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Thinking in C++
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placement new & delete

There are two other, less common, uses for overloading operator new( ).

  1. You may want to place an object in a specific location in memory. This is especially important with hardware-oriented embedded systems where an object may be synonymous with a particular piece of hardware.
  2. You may want to be able to choose from different allocators when calling new.

Both of these situations are solved with the same mechanism: The overloaded operator new( ) can take more than one argument. As you’ve seen before, the first argument is always the size of the object, which is secretly calculated and passed by the compiler. But the other arguments can be anything you want – the address you want the object placed at, a reference to a memory allocation function or object, or anything else that is convenient for you.

The way that you pass the extra arguments to operator new( ) during a call may seem slightly curious at first. You put the argument list (without the size_t argument, which is handled by the compiler) after the keyword new and before the class name of the object you’re creating. For example,

X* xp = new(a) X;

will pass a as the second argument to operator new( ). Of course, this can work only if such an operator new( ) has been declared.

Here’s an example showing how you can place an object at a particular location:

//: C13:PlacementOperatorNew.cpp
// Placement with operator new()
#include <cstddef> // Size_t
#include <iostream>
using namespace std;

class X {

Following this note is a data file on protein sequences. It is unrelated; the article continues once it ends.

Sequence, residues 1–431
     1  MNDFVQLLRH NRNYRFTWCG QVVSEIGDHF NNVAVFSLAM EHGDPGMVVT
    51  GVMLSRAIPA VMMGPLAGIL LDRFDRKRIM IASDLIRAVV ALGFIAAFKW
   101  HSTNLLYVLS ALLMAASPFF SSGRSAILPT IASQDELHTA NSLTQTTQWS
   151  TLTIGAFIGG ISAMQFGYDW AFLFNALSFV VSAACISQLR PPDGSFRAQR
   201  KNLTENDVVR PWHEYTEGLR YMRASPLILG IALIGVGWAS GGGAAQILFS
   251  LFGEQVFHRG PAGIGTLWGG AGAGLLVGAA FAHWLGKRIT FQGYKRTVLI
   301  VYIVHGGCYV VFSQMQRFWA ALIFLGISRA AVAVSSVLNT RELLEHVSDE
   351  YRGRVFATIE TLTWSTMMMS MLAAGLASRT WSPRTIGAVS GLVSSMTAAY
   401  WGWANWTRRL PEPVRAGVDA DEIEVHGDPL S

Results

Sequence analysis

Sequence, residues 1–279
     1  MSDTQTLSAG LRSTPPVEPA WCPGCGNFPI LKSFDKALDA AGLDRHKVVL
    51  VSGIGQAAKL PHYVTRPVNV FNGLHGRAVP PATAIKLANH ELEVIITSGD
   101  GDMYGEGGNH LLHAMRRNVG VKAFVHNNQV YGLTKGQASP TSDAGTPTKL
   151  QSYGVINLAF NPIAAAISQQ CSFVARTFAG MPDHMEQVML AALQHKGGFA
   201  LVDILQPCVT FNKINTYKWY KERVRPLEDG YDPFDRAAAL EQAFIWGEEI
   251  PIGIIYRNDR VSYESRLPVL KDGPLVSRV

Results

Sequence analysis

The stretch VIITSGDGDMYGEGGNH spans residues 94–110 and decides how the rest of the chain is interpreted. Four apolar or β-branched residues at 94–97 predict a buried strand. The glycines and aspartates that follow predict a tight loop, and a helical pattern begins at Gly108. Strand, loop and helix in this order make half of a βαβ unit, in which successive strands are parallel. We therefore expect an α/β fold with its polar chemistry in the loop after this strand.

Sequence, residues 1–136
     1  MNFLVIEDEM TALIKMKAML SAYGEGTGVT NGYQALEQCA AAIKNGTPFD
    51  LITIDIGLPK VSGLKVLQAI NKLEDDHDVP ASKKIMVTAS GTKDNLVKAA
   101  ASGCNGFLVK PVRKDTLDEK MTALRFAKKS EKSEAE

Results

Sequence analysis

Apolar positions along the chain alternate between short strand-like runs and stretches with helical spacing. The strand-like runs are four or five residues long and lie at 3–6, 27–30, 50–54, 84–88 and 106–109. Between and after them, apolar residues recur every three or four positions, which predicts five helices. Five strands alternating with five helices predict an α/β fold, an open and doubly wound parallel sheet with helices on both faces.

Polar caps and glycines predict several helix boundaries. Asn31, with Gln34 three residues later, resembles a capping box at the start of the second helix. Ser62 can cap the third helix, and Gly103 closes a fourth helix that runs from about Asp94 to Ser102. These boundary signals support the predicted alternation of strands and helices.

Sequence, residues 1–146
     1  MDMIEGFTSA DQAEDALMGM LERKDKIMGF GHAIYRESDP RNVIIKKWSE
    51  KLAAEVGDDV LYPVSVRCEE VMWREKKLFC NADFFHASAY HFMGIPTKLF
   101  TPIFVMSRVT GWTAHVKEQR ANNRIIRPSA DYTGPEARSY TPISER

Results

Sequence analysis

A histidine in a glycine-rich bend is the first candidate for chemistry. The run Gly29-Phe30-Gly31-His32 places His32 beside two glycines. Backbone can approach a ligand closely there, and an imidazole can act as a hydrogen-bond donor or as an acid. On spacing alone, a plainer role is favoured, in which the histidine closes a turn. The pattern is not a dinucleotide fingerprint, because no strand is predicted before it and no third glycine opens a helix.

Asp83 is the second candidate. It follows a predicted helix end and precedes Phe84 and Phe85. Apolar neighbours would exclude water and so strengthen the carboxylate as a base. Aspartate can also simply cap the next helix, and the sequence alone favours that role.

int i;
  X(int ii = 0) : i(ii) {
    cout << "this = " << this << endl;
  ~X() {
    cout << "X::~X(): " << this << endl;
  void* operator new(size_t, void* loc) {
    return loc;

int main() {
  int l[10];
  cout << "l = " << l << endl;
  X* xp = new(l) X(47); // X at location l
  xp->X::~X(); // Explicit destructor call
  // ONLY use with placement!
} ///:~

Notice that operator new only returns the pointer that’s passed to it. Thus, the caller decides where the object is going to sit, and the constructor is called for that memory as part of the new-expression.

Although this example shows only one additional argument, there’s nothing to prevent you from adding more if you need them for other purposes.

A dilemma occurs when you want to destroy the object. There’s only one version of operator delete, so there’s no way to say, “Use my special deallocator for this object.” You want to call the destructor, but you don’t want the memory to be released by the dynamic memory mechanism because it wasn’t allocated on the heap.

The answer is a very special syntax. You can explicitly call the destructor, as in

xp->X::~X(); // Explicit destructor call

A stern warning is in order here. Some people see this as a way to destroy objects at some time before the end of the scope, rather than either adjusting the scope or (more correctly) using dynamic object creation if they want the object’s lifetime to be determined at runtime. You will have serious problems if you call the destructor this way for an ordinary object created on the stack because the destructor will be called again at the end of the scope. If you call the destructor this way for an object that was created on the heap, the destructor will execute, but the memory won’t be released, which probably isn’t what you want. The only reason that the destructor can be called explicitly this way is to support the placement syntax for operator new.

There’s also a placement operator delete that is only called if a constructor for a placement new expression throws an exception (so that the memory is automatically cleaned up during the exception). The placement operator delete has an argument list that corresponds to the placement operator new that is called before the constructor throws the exception. This topic will be explored in the exception handling chapter in Volume 2.

Thinking in C++
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   Reproduced courtesy of Bruce Eckel, MindView, Inc. Design by Interspire